Our holiday is officially over—Charlotte's currently en-route back to the UK and I am getting ready to head north for the first leg of an intensive three-conference/meeting rally which won't see me back in the UK until the beginning of July. Luckily, I have my Surface Pro 3 with me (I really need to finish my review), my trusty RX1, and of course, my A7R.
I feel as though I am using the A7R more at the moment, though that might just be because I went to the effort of bringing it (and a few lenses) with me, and thus feel more inclined to use it. Or is it because I prefer the different focal lengths? Recently I have been shooting with 28mm and loving the field of view and high contrast from the Distagon, but the 35mm Sonnar on the RX1 is exquisite and probably the best lens I own. There's really not much in it. If I want to travel as light as possible, it is RX1. If I want one or more lenses at focal lengths other than 35mm, then it's the A7R.
Incidentally, I had no idea there were so many different types of hibiscus.
Not my best photo, but I was pleased I managed to freeze this butterfly mid flight. Same with the photo below, actually!
The Distagon (first butterfly photo) and Sonnar (second butterfly photo) do render differently, though these photos were taken in different locations and days, with different lighting conditions.
This morning I read a review of the new Leica Q. Upon finishing the review, I thought; "I would definitely like one of those!", and I do. Will I get one? Right now, it is very unlikely for a few reasons (house purchase being the main one). Then I started thinking about that famed camera, the Ricoh GR V. An APS-C camera with 28mm equivalent focal length and no AA filter results in some of the crispest files I have ever seen. The camera is damn small, too. Though I would miss the bokeh from the RX1, the GR would probably outdo the RX1 for the majority of the type of shots I tend to take. I really don't need the A7R and a bag of lenses, but I do enjoy using different focal lengths and experimenting with different scenes.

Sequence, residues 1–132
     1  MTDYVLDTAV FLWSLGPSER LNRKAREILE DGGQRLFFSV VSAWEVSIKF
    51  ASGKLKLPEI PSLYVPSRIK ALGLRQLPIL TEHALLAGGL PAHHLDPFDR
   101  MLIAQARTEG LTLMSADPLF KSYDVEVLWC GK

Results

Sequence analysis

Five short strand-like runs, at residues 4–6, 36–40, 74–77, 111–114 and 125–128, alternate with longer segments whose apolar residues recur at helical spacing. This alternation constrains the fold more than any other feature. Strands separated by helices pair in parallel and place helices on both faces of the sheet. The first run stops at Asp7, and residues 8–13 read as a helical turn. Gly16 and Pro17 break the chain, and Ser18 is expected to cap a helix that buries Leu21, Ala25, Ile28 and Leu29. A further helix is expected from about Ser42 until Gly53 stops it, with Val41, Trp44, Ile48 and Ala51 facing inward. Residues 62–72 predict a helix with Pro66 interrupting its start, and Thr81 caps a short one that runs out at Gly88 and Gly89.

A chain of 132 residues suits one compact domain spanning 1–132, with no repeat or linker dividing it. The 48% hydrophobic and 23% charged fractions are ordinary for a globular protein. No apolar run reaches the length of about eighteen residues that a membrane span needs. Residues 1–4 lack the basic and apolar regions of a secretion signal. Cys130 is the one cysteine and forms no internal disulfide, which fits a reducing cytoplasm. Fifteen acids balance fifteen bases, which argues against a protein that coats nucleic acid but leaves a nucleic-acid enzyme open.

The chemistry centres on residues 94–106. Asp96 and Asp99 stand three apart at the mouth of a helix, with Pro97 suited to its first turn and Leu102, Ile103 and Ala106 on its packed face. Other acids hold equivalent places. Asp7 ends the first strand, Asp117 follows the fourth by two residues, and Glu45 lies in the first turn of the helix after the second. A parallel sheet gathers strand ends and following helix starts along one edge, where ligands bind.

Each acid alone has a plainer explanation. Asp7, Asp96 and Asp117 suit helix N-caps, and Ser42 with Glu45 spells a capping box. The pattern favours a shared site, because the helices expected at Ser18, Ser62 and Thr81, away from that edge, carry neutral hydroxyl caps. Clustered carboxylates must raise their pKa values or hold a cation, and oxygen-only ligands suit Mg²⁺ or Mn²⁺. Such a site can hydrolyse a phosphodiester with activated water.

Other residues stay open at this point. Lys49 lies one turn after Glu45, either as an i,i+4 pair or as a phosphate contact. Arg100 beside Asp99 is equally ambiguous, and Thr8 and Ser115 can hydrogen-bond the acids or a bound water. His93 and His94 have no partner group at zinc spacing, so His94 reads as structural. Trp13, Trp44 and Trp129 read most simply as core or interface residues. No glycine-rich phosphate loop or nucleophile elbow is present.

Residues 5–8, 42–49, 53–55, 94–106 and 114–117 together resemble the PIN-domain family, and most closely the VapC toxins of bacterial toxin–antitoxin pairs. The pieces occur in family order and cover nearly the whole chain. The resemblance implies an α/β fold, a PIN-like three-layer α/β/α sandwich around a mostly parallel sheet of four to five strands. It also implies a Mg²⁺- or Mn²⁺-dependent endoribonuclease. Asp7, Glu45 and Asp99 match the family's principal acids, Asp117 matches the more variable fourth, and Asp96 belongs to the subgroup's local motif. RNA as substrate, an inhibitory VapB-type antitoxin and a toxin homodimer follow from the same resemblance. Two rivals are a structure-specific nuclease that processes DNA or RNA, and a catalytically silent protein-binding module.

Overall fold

I've read many times that sticking to one focal length and shooting style will help give your photography an identity. I agree with this. If I shot exclusively in black and white, with my RX1 only, I imagine that I would create a "signature" look. Perhaps I could achieve fame and fortune (I would only want the latter) with such an approach. Perhaps, but it's unlikely. What's more likely, is that I would improve in that particular style far quicker by reducing all of the ancillary noise one gets from chopping and changing lenses and letting the camera "get in the way". However, the flip side, is that by experimenting with different focal lengths I am finding which lengths I prefer (I didn't know I would like 28mm until I tried it...), and I can also try to define which looks (rendering, high-key, low-key, noise, composition) I prefer. I would already say that I prefer wide-angle lenses, simply by looking at my lens collection. This is a little interesting, as many people prefer lenses of 50mm and above for obvious reasons (easier to exclude objects from the frame, blur them with bokeh, and less concerns over distortion). However, I have brought both a 50mm and 60mm lens with me on this trip, and have used them, so stay tuned!